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wall - what is it?


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10-23-00, 12:41 AM   #1  
I've just begun to repair some cracks in a ?plaster? wall. i'm not sure what the walls have been made from, any ideas?
medium grey, similiar to concrete
crumbly texture, backed by horizontal lengths
of wood 10mm apart.

thanks

 
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10-23-00, 06:06 AM   #2  
Sounds like a plaster wall. You can patch over cracks with black vinyl plastic screen wire in 6"-8" wide strips mudded in just like sheetrock tape. Good Luck!

 
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10-23-00, 09:16 PM   #3  
mmd:

"Wood lath" plaster walls used wood strips nailed to the studs to form a surface on which the plaster was stuck to. In the 1950's, wood lath was replaced with "gyproc lath" where 2 foot wide by 4 foot long pieces of what looks like crude drywall were attached to the studs and the base and finish plaster coats stuck onto that. This "gyproc lath" was subsequently refined with smoother paper on the front, contoured edges and a larger size and became the drywall we use now.

Crumbly plaster? The only time plaster comes apart easily is when it's been water damaged and has subsequently dried out. In that case, remove everything that comes off without putting up a fight. You're a lot better off replacing more plaster than you are sticking good plaster to loose plaster.

For the base coat, phone around to the drywall wholesalers in town and ask for something called "Pearlite Admix Hardwall" from the Geogia Pacific company or competitor's equivalent. This is what you can use as the base coat to stick to the lath.

For the top coat, I'd go with a gypsum based plaster patching compound, and the most popular one in the world is probably Synko ProSet 90, which has recently undergone a surgical bag transplant, and now comes in a blue bag (at least in Canada) with the wording Synko ProSet 90 LITE SAND on it. I think you can get it in premixed tubs too.

NOW, whenever you're patching plaster, it's a good idea to paint the edges of the existing good plaster with a 50/50 mix of white carpenter's glue and water. This dilute glue will get drawn into the dry plaster and will glue all the sand 'n stuff together as it dries, forming a hard, sticky surface for the new plaster to stick to.

Adding some white carpenter's glue will make both pearlite and gypsum based plaster patching compounds both stickier when wet and harder when dry. However, I've never had great results adding it to the pearlite. The pearlite is pretty sticky as it is, it dries hard enough as it is, and more glue just makes it shrink more as it dries, causing it to crack up pretty bad.

Hold a bright light near the wall when you both spread the plaster and sand it smooth. The critical lighting will exagerate the roughness of the wall, giving you a better idea of where to add plaster and where to sand. Pearlite can be smoothed when dry with a "rasp" tool, which consists of a piece of what looks like cheeze grater metal mounted in a handle. Stanley makes these and Home Depot sells them. You don't really need to smooth pearlite because you normally just cover it with plaster patching compound.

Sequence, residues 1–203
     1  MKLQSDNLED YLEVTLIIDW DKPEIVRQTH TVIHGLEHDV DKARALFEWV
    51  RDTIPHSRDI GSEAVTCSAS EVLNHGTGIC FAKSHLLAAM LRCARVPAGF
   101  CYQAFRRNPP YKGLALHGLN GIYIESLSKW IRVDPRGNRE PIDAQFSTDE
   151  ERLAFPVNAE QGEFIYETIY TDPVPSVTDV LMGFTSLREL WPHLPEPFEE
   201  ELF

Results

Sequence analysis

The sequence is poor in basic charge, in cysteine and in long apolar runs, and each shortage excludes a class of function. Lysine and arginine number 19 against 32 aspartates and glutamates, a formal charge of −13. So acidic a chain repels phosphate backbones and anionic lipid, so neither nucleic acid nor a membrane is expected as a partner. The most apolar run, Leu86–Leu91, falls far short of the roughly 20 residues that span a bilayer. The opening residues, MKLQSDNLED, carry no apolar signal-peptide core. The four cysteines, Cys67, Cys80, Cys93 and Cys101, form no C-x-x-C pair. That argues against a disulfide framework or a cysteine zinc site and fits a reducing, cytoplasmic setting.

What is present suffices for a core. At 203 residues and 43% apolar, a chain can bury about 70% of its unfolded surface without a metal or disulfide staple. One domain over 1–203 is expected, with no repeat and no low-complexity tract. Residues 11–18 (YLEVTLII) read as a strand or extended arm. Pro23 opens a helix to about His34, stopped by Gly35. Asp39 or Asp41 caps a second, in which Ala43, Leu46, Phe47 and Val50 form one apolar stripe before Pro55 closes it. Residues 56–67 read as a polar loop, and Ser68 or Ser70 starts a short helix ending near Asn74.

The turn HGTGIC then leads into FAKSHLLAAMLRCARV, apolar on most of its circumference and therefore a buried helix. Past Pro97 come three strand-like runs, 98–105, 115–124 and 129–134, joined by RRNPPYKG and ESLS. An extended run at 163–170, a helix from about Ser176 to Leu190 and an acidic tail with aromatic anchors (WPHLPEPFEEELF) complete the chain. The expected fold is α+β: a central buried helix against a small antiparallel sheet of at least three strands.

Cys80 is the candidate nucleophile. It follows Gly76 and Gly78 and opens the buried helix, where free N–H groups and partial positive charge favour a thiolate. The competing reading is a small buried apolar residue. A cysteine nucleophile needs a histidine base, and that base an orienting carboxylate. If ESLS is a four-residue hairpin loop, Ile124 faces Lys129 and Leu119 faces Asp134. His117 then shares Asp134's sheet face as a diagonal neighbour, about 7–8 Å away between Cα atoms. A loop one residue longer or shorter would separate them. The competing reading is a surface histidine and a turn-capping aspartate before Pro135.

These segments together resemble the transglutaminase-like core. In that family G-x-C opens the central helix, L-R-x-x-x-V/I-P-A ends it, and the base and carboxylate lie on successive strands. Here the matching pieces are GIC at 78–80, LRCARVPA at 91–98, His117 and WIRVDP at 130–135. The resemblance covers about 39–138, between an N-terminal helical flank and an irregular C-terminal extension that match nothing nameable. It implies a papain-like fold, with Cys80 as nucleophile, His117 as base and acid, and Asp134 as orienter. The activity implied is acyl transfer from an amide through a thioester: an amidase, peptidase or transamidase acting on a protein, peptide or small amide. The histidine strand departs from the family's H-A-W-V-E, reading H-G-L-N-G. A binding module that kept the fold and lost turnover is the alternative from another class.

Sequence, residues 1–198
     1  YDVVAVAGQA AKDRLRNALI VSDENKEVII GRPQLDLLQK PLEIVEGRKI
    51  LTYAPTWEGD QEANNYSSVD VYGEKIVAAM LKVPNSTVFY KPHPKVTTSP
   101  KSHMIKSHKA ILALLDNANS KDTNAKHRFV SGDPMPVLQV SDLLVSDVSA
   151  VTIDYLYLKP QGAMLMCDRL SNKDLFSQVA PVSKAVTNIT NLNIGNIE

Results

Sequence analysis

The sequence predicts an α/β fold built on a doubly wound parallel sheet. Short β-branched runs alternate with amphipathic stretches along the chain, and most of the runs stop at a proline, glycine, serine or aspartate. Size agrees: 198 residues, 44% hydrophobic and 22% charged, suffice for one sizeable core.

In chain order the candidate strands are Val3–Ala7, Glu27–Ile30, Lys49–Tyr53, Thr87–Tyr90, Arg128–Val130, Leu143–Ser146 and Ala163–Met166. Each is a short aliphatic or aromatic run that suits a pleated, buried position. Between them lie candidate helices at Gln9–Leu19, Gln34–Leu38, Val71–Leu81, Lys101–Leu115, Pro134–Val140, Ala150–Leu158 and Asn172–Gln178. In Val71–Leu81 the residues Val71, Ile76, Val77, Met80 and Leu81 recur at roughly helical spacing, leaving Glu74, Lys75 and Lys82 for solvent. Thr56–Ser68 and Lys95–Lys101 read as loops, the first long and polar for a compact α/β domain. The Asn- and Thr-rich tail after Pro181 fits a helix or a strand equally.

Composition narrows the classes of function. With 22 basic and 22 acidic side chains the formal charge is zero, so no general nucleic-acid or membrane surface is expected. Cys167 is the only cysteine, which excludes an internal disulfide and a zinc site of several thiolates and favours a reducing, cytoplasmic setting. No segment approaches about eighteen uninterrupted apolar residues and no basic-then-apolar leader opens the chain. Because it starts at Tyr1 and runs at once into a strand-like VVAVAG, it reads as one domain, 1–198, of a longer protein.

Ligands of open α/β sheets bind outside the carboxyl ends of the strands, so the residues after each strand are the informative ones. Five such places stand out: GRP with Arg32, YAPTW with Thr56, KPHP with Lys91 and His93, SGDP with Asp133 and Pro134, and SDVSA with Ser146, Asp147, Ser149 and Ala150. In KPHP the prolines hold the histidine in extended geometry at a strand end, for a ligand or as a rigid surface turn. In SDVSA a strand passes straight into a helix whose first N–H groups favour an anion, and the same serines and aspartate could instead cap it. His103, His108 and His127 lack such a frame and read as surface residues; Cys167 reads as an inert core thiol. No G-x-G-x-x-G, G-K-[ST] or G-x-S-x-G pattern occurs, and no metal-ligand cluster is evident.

I've been repairing plaster like this for years, but if you ever come across any good web sites that explain how to mix real plaster from sand and dehydrated lime, I'd like to know about that site. I think all plaster is repaired with gypsum and pearlite nowadays.

 
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10-28-00, 11:57 PM   #4  
Nestor,

Beg to differ with some of your advice which I find mostly right on. I think you'll find that if you contact any compound or plaster manufacturer their advice will be to never laminate any paint between layers of coumpound or plaster, or any combination of the two. It will weaken the bond.

Also, there are many reason why plaster will crumble. New paints are one. The old bonding agents are not suitable for many of the chemicals available today. Another is in aggregate formulas of the past. Some just eventually break down. The old lime/marble dust plasters that are considered infinate (marmorino's) were never commonly used in residental work in this century. They are still available, but are quite expensive compared to typical lime plaster. Don.

 
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11-04-00, 05:13 PM   #5  
mmd,
Sorry I forgot to post this before, hope its not to late.

Should you decide to re-plaster with the old lath, you renew the moisture content of the lath before applying your basecoat. All the moisture has been drawn out. Drape towels and keep them wet with a spray bottle or something similar.

Nestor, not much difference between Gypsum and lime plasters except for slaking. Curring times are very different. Lime can take up to a year, which means no paint or wall treatments for that time. Gypsum usually takes no more then 3 weeks. Lime plasters are seldom damaged by water. When properly prepared, they can be used for pools. Also, I know of the "gyprock" lath being used as early as the 20's. Just some history FYI. Any questions, post em.

 
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